SURCOAT (surcote): A garment worn over the armour to protect it from sun and rain, and usually blazoned heraldically. During the 14th century they were gradually shortened from their 13th century lines. They started during the first quarter of the century ending at the knee, and ended the century ending at the edge of the hip. During the 15th century they were shortened further, and eventually abandoned in favour of a large tunic worn over the cuirass. The surcoat bears no particular symbolism that this writer could find other than the obvious symbolism associated with the arms or crests that may be embroidered on the surcoat.

SUN: Is usually borne in its glory, or splendour; associated with Helios, the young Greek god of the sun; revered by many cultures as a token and ensign of power, glory, illumination, vitality, and the source of life on earth. Symbolism also applies to a single sun ray.

SWAN: The male Swan is called a cob, the female a pen, a young Swan a cygnet. Like the peacock and pheasant, the Swan was an emblem of chivalry; every knight chose one of these birds, which was associated in his oath with God, the Virgin, or his lady-love. In Greek mythology, Zeus took the form of a Swan to seduce Leda. The Swan has erotic associations as an emblem of Aphrodite/Venus. Swans drew the Chariot of Venus. The most famous belief about the Swan is that it only sings when it is about to die. The legendary Swan's song has caused this bird to represent music and poetry, especially that which is divinely inspired, passionate or tragic. The beauty and roundness of the Swan's body caused Nordic people to allude to it as the height of female grace and beauty. A Swan with a fish in its mouth represents the Devil snatching up and consuming the unwary Christian, and two Swans with their necks entwined stand for two lovers or friends united in a companionship. The Cygnet (young swan) sometimes occur; and a cygnet royal implies a swan gorged with a ducal coronet, having a chain affixed thereunto and reflexed over its back.

SWAN GOOSE: See both Swan and Goose.

SWALLOW: It is said that the Scandinavians believed the Swallow hovered over the cross of our Lord, crying "Svala! svala!" (Console! console!)…and was thereafter called svalow (the bird of consolation). The Swallow was sacred to the Penates (Roman deities of the household), and therefore to injure one would be to bring wrath upon your own house. The Swallow has always been regarded as a harbinger of spring, a symbol of abundant harvest and happiness.

SWEEP (swepe, balista): The engine anciently used for casting stones into fortresses. It was the more formidable engine of warfare, similar to the catapult or mangonel. As a heraldic device it was used to commemorate a siege that the first bearer was famous for and to warn enemies that they should be heedful; this most powerful of weapons also denoted military strength, resoluteness and courage.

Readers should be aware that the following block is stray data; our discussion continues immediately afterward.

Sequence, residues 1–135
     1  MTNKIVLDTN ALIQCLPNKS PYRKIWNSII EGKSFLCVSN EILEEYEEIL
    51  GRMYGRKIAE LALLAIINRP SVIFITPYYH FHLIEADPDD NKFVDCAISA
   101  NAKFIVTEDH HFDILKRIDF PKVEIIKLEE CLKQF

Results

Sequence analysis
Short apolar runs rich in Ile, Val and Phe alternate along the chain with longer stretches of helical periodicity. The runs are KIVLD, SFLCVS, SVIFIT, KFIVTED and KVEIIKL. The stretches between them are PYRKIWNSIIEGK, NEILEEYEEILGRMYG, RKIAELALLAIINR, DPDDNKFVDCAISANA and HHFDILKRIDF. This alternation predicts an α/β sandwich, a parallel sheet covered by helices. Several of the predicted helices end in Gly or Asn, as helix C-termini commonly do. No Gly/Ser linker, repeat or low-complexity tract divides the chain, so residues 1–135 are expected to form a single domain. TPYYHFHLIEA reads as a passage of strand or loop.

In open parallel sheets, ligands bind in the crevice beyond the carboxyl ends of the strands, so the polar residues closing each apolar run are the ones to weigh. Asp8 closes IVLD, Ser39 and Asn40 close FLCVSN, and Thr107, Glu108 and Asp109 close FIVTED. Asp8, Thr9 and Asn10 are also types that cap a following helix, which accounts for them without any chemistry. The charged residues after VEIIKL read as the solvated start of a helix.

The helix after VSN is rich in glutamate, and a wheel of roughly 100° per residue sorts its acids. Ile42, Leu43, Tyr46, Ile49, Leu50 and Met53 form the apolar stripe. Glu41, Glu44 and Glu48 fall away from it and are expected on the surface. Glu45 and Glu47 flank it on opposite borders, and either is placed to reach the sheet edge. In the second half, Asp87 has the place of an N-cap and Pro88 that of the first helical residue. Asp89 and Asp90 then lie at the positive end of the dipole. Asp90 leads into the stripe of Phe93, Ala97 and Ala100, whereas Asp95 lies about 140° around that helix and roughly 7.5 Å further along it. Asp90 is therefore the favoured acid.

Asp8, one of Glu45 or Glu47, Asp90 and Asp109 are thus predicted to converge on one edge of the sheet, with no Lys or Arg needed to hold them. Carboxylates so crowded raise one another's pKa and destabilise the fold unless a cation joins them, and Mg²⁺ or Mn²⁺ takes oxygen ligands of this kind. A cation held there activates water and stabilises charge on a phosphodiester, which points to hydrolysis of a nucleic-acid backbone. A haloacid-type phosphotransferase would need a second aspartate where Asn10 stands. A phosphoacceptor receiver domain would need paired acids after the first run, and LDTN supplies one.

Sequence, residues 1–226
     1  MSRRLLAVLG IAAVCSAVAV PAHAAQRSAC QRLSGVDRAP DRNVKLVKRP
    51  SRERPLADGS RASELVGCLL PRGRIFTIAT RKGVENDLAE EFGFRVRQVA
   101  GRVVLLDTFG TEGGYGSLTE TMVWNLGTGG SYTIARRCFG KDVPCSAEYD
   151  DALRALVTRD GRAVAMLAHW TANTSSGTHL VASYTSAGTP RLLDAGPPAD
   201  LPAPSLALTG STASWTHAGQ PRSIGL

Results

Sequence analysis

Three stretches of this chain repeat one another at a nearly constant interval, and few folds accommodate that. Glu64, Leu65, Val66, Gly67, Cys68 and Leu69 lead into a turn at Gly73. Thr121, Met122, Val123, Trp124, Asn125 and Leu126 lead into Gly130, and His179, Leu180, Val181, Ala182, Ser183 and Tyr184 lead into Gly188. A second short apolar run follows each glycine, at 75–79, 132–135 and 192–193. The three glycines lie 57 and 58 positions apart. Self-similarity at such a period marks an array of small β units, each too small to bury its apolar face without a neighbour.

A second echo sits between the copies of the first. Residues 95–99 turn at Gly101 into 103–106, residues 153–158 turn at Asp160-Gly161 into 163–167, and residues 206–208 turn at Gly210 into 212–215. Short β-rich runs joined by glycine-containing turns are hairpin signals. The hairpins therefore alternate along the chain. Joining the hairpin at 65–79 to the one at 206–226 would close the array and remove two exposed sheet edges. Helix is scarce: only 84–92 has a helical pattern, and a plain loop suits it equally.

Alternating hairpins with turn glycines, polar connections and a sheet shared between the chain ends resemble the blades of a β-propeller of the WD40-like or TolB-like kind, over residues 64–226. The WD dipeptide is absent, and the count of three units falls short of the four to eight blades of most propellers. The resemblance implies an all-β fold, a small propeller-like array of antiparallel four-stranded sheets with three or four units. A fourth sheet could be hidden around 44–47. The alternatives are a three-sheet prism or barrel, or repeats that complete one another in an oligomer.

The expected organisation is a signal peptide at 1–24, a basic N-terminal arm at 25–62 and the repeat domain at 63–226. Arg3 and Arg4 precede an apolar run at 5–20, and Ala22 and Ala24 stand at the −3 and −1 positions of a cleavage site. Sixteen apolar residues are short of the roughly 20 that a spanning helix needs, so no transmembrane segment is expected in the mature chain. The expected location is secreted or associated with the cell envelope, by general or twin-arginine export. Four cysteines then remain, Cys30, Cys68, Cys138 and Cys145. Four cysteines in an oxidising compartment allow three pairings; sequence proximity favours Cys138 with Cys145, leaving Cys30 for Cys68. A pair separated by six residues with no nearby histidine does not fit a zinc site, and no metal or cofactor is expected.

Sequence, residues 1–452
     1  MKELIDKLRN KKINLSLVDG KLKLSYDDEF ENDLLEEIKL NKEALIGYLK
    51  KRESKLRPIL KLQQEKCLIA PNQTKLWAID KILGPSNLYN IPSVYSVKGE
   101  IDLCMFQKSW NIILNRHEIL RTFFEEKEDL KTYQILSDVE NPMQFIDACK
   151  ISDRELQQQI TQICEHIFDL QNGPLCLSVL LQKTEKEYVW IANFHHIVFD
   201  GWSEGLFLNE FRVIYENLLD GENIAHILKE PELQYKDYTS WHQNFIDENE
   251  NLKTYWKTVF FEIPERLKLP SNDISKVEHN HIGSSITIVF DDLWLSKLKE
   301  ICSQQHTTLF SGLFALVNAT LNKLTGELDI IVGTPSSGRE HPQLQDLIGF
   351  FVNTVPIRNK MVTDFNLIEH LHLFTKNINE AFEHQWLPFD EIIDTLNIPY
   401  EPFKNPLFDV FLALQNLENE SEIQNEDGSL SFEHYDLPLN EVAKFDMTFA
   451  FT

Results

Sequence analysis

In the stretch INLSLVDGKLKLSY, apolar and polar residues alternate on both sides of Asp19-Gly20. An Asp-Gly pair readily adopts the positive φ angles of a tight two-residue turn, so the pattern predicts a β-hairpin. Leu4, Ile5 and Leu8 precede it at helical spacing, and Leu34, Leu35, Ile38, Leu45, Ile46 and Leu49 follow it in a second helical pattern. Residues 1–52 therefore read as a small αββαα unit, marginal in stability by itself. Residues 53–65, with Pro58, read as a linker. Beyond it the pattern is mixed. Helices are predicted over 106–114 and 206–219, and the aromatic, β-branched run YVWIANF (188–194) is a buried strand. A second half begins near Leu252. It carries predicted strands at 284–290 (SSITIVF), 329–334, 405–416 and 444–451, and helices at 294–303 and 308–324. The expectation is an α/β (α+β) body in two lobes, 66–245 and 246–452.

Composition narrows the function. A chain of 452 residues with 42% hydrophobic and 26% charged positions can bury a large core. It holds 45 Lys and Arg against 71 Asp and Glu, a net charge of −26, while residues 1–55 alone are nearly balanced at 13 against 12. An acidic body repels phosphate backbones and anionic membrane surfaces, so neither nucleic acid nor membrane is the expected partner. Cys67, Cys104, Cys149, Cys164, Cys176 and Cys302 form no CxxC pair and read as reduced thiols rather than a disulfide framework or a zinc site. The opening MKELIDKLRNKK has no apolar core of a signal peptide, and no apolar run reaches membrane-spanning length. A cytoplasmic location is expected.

SWORD: The sword symbolizes power, protection, authority, strength, and courage. It is a symbol of knighthood and chivalry. European Knights during the period of Crusades, used swords that were less bulky and blades tapering for thrusting as well as hacking. Swords of the Teutonic Knights featured downward quillons that first appeared around the 11th century. To them, swords were the symbols of truth and honour and were bestowed on one of stature. In heraldry, differentiation of the type of sword is rare; however, you will find reference to the scimitar, the seax, the sabre, the claymore, the rapier, Irish sword etc. The usual form in Heraldry is a long straight blade, with a cross handle. Quillons can be pointing downwards, upwards, 'S' shaped, with cruciforms (cross shaped), fleur-de-lis tipped and more. Pommels can be round, square, ring-shaped (like the Irish sword) or other shapes. A sword can also be blazoned wavy, which may be symbolic of the Christian flamed sword. The changes in warfare associated with the introduction of firearms did not eliminate the sword but rather proliferated its types. The discarding of body armour made it necessary for the swordsman to be able to parry with his weapon, and the thrust-and-parry rapier came into use. The advantage of a curved blade for cutting was early appreciated in Asia, where it was long used by the Indians, Persians, and others before its introduction to Europe by the Turks. The Turkish scimitar was modified in the West to the cavalry sabre. At the other extreme of Asia, the Japanese developed a long-bladed, slightly curved version with a two-handed grip, with which an elaborate duelling cult, as well as ancestor worship, became associated.

SYREN: see Mermaid

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Heraldry Symbolism Library by Armorial Gold Heraldry Services is provided as a free resource tool for Heraldry enthusiasts. The Heraldry Symbolism Library and the information contained therein, has been researched through original manuscripts and Armorial Gold’s own sources. The Heraldry Symbolism Library is provided as a free resource tool for Heraldry enthusiasts. Reproduction in any form is prohibited.